The people looking at you in this photo are Job Bebenimibo and his students in the Giraffe Service Club International in Oporoza, Nigeria.

Take a good look. They may all be dead. On May 16 the village of Oporoza was attacked by the...

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Learning the Art of Thrift

(29) Comments | Posted February 15, 2009 | 5:43 PM

It helps to have lived in Vietnam and the Congo. I mean, I've seen poor, really poor. People sleeping in shifts on the dirt floors of scrap-metal shacks. Rice or manioc as the only food at a meal, and everyone thankful to have even that. Students using every square inch,...

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Hearing Ann Dunham

(25) Comments | Posted November 9, 2008 | 7:21 PM

When we're kids, Presidents are our fathers' ages. When we make it to adulthood, Presidents fall into the elder-brother bracket. And then there's the shock of a contemporary taking the office. If the President is your own age, Your Generation has taken charge.

Me, I'm looking for the first time...

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Listen Up, Young'uns

(2) Comments | Posted September 26, 2008 | 5:35 PM

If McCain doesn't stop being a poster boy for senile dementia, I may start dissing seniors myself. And I am one. Sheesh!

Meanwhile, here's one fully cognizant elder with a few things to say about this election:

Point -- I do not want to have a beer with the President...

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What You "Know" About Rabies Shots is Wrong

(7) Comments | Posted May 27, 2008 | 12:29 PM

Setting: a house in the forest on a Puget Sound island, two people sitting on a porch at dusk, lovely dinner before us, good talk, perfect weather. And some flying thing lands fast on my arm and whips back into the forest. "That was weird." And we proceed with the...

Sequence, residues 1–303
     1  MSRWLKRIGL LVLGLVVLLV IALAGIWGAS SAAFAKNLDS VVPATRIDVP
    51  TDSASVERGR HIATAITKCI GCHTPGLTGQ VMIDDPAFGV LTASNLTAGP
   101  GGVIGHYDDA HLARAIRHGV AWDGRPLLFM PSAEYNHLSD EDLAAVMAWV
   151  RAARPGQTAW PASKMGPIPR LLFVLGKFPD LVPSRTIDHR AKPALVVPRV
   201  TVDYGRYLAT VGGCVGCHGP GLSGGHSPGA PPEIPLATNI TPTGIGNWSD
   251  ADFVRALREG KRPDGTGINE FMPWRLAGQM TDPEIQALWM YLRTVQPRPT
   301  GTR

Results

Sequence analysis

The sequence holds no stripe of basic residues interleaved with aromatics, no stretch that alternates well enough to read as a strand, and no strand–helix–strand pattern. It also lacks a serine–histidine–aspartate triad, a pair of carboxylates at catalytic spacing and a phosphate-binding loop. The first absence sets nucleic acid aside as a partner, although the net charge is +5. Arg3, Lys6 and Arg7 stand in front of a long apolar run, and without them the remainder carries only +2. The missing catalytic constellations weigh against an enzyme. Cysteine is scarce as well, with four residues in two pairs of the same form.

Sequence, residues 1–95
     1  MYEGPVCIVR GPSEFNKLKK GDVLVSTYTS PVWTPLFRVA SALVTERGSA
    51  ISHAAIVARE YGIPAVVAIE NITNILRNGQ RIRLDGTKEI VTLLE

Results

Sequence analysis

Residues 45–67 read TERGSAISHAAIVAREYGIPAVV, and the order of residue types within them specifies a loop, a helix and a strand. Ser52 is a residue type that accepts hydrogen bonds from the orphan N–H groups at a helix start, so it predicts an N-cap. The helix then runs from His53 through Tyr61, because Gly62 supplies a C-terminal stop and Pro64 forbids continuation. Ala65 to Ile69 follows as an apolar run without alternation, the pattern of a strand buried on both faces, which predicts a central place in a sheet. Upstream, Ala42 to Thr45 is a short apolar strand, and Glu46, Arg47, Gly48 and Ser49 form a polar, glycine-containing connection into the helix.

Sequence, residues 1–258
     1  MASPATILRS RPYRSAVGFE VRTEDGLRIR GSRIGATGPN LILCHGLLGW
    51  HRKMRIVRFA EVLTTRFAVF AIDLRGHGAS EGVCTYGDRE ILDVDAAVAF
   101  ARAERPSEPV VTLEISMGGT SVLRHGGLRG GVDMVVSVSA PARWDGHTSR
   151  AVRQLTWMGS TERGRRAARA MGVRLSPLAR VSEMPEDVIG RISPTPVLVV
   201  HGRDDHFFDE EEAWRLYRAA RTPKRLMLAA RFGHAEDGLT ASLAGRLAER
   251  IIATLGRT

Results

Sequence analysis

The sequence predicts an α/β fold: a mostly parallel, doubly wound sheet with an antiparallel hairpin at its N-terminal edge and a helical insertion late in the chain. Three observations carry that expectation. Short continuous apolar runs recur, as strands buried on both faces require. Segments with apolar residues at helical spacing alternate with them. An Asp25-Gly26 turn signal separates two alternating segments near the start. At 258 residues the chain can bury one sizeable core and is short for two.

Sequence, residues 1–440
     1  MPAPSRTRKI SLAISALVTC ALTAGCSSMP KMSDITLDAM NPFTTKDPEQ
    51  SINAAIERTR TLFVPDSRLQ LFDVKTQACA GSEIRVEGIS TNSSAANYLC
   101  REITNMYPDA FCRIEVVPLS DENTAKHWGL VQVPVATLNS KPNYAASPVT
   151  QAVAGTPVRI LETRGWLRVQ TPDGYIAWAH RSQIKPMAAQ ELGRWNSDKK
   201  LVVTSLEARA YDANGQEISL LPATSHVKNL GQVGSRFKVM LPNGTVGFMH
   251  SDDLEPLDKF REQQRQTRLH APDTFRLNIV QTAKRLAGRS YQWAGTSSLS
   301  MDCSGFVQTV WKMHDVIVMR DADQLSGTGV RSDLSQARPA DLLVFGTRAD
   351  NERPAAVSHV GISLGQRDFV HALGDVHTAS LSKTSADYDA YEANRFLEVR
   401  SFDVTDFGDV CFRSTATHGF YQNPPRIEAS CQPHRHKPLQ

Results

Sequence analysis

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Gifts from the Dalai Lama

(3) Comments | Posted April 17, 2008 | 5:36 PM

The Giraffe Heroes Project sent a team to the five-day Seeds of Compassion conference in Seattle. As a Giraffe staffer, I talked with hundreds of teachers and parents who had assembled there, telling them about Giraffe ways to foster compassion in the young.

After days of giving,...

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Watch Your Language!

(3) Comments | Posted March 6, 2008 | 3:27 PM

I don't know about you but I'm already saturated with campaign news. Given the 24/7 coverage by thousands of voices and keyboards, from here to November is looking like an eternity.

One problem is the teeth-grinding effect of watching and reading too much "news." Because of the writing. I'm...

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Notes from the Washington Caucus

(11) Comments | Posted February 11, 2008 | 11:30 PM

The remote Puget Sound island where I live joined the great Aught Eight election excitement Saturday, the Democratic caucus bringing out so many citizens that cars lined the roads around the high school for a mile.

I can report out that the Maxwelton Valley sector of South Whidbey Island...

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Race, Gender and Class in Twenty Aught Eight

(19) Comments | Posted January 14, 2008 | 9:42 AM

Old feminist here, contemporary of Steinem's,* and one who wishes all young women grokked how different life was for us back in the day, how much they owe the women's movement, how precarious the changes are that make their current opportunities seem givens--and permanent.

*Full disclosure: Steinem wrote a...

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Our Little Lives & the Big Picture

(11) Comments | Posted November 25, 2007 | 8:12 PM

Friend of mine, a fellow writer I'll call "Joe," put the question to his email network last week: Would anyone join him in a hunger strike for the closing of Guantanamo? It would be a real one that wouldn't stop until/unless the prisoners were turned over to the US...

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Chief Seattle's Screenwriter

(1) Comments | Posted November 13, 2007 | 5:47 PM

It isn't what the Chief had in mind, I'm sure, but over the years he's acquired a couple of ghost writers -- one poet/physician and one screenwriter.

The gorgeous environmental speech that is everywhere attributed to the nineteenth-century tribal leader was, in fact, written by screenwriter Ted...